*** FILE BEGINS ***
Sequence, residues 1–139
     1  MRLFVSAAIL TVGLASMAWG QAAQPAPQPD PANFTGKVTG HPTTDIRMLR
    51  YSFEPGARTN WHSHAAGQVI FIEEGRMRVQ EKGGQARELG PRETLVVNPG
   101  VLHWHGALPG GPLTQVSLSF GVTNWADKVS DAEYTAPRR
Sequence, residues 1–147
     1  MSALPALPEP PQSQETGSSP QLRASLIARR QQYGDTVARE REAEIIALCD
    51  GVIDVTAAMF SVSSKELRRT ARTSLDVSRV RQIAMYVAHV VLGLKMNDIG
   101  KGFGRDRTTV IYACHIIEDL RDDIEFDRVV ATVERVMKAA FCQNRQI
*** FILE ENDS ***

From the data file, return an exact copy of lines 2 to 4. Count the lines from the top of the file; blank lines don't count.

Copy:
     1  MRLFVSAAIL TVGLASMAWG QAAQPAPQPD PANFTGKVTG HPTTDIRMLR
    51  YSFEPGARTN WHSHAAGQVI FIEEGRMRVQ EKGGQARELG PRETLVVNPG
   101  VLHWHGALPG GPLTQVSLSF GVTNWADKVS DAEYTAPRR